At the end of this week, Brian and Oksana Downs will begin to be fined $10 a day by the Lansdowne homeowners’ association. Ninety days later, the community leadership could begin the process of having the Downs’ home foreclosed, but Brian Downs said he would probably take his own legal action before that time.
His wife, formerly a Russian teacher in the Ukraine, runs a home day-care operation for Russian children in their home, and, as of Nov. 15, home businesses have been officially declared to be illegal in Lansdowne homes.
For about a year, the question of whether such operations should be allowed in the community has been hotly debated.
The recent notice offered an agreement to households deemed to be in violation of the neighborhood covenants, which would allow them to continue operating until July of 2008.
However, Brian Downs said the agreement required the homeowners to sign off on statements such as "‘I understand I have been operating an illegal business,’ and a bunch of self-incriminating stuff." He said he thought the covenants were being misinterpreted and noted that he and his wife had no intention of signing the agreement or closing his wife’s business. Those who do neither can face penalties as soon as Nov. 30.
"I have the law on my side," said Brian Downs. He said the illegality of home businesses rests on one interpretation of a line of the neighborhood covenants: "No lot shall be used for any business, commercial, manufacturing, mercantile, storage, vending or other nonresidential purpose." He said the sentence was now being read to mean that a home could not be used for any business purpose, commercial purpose and so on, which, he noted would outlaw storage rooms.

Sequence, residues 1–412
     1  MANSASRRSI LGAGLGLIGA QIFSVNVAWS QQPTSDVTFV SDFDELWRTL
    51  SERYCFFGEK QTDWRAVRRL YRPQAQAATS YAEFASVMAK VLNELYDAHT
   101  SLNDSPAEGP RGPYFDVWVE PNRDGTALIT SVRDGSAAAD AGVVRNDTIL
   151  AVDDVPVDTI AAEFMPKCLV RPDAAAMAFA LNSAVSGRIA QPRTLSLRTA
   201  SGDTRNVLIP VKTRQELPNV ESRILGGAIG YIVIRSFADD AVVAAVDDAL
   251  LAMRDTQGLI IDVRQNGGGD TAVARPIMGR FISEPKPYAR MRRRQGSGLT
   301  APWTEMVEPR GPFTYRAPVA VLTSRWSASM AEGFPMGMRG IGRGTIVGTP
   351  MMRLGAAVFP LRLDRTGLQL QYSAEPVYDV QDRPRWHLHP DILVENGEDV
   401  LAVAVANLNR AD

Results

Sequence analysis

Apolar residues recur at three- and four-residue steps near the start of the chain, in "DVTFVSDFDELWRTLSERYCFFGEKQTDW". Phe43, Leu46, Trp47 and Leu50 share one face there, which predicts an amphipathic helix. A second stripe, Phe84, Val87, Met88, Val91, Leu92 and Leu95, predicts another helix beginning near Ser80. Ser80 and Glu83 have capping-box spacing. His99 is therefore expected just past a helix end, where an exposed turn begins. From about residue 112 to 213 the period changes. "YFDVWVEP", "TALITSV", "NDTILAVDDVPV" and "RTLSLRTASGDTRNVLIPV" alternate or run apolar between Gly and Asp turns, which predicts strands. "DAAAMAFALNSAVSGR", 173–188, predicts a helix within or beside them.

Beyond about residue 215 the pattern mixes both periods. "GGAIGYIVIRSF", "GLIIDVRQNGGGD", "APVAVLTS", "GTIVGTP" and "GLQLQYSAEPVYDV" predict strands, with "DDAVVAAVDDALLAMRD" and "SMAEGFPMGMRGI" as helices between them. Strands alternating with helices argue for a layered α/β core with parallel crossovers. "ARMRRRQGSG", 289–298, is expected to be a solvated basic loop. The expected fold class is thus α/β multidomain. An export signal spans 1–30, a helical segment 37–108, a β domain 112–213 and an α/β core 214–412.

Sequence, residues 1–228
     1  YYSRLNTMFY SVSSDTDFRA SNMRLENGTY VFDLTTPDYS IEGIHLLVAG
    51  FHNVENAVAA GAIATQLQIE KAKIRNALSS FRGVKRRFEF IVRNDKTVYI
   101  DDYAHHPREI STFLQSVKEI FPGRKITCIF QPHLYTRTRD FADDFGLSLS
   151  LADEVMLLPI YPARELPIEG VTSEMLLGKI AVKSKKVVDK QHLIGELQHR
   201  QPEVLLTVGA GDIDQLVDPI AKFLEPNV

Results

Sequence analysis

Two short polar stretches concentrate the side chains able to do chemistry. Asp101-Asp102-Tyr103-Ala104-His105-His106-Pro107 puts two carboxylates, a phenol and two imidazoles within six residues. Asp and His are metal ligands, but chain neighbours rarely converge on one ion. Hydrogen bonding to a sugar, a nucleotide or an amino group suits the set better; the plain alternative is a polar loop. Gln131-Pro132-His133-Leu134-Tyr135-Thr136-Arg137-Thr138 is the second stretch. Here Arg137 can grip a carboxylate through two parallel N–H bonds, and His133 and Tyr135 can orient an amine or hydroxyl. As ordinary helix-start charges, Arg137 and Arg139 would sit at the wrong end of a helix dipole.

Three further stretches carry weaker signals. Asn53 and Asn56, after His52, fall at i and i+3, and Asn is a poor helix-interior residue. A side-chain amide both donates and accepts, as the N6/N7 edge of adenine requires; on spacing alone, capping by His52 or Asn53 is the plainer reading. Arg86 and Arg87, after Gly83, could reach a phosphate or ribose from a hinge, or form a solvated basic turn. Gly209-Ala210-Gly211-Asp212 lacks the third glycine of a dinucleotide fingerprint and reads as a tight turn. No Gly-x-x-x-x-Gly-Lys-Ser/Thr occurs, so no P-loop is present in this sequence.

If the sentence were interpreted to mean that any business of a nonresidential nature is prohibited, home day care would be legal because, under Loudoun County zoning laws, it is an accepted residential use. "This whole argument is pinned on a comma in a sentence," said Brian Downs.
HOWEVER, Jeff Brown, president of the homeowners’ association’s board of directors, said a resolution created in 2003 to clarify the covenants prohibits residents from providing direct services to clients in their homes.
The community voted in August on whether to allow home day-care operations if they limited the number of children in the house to five and abided by other restrictions or to keep the covenants as they were, which the homeowner’s association said would ban any home business. "We were trying to strike a happy medium," said Brown. He pointed out that nearby Ashburn Farms limits home day-care sites to five children. Residents voted to keep the rules as they were. For a homeowners’ association, he said, "upholding the covenants is number one."
Brown is up for re-election as president shortly after press time.
Downs said that there were many businesses that listed both their home and business addresses in the Lansdowne community, yet only the 12 child-care providers were cited as being in violation of the rule.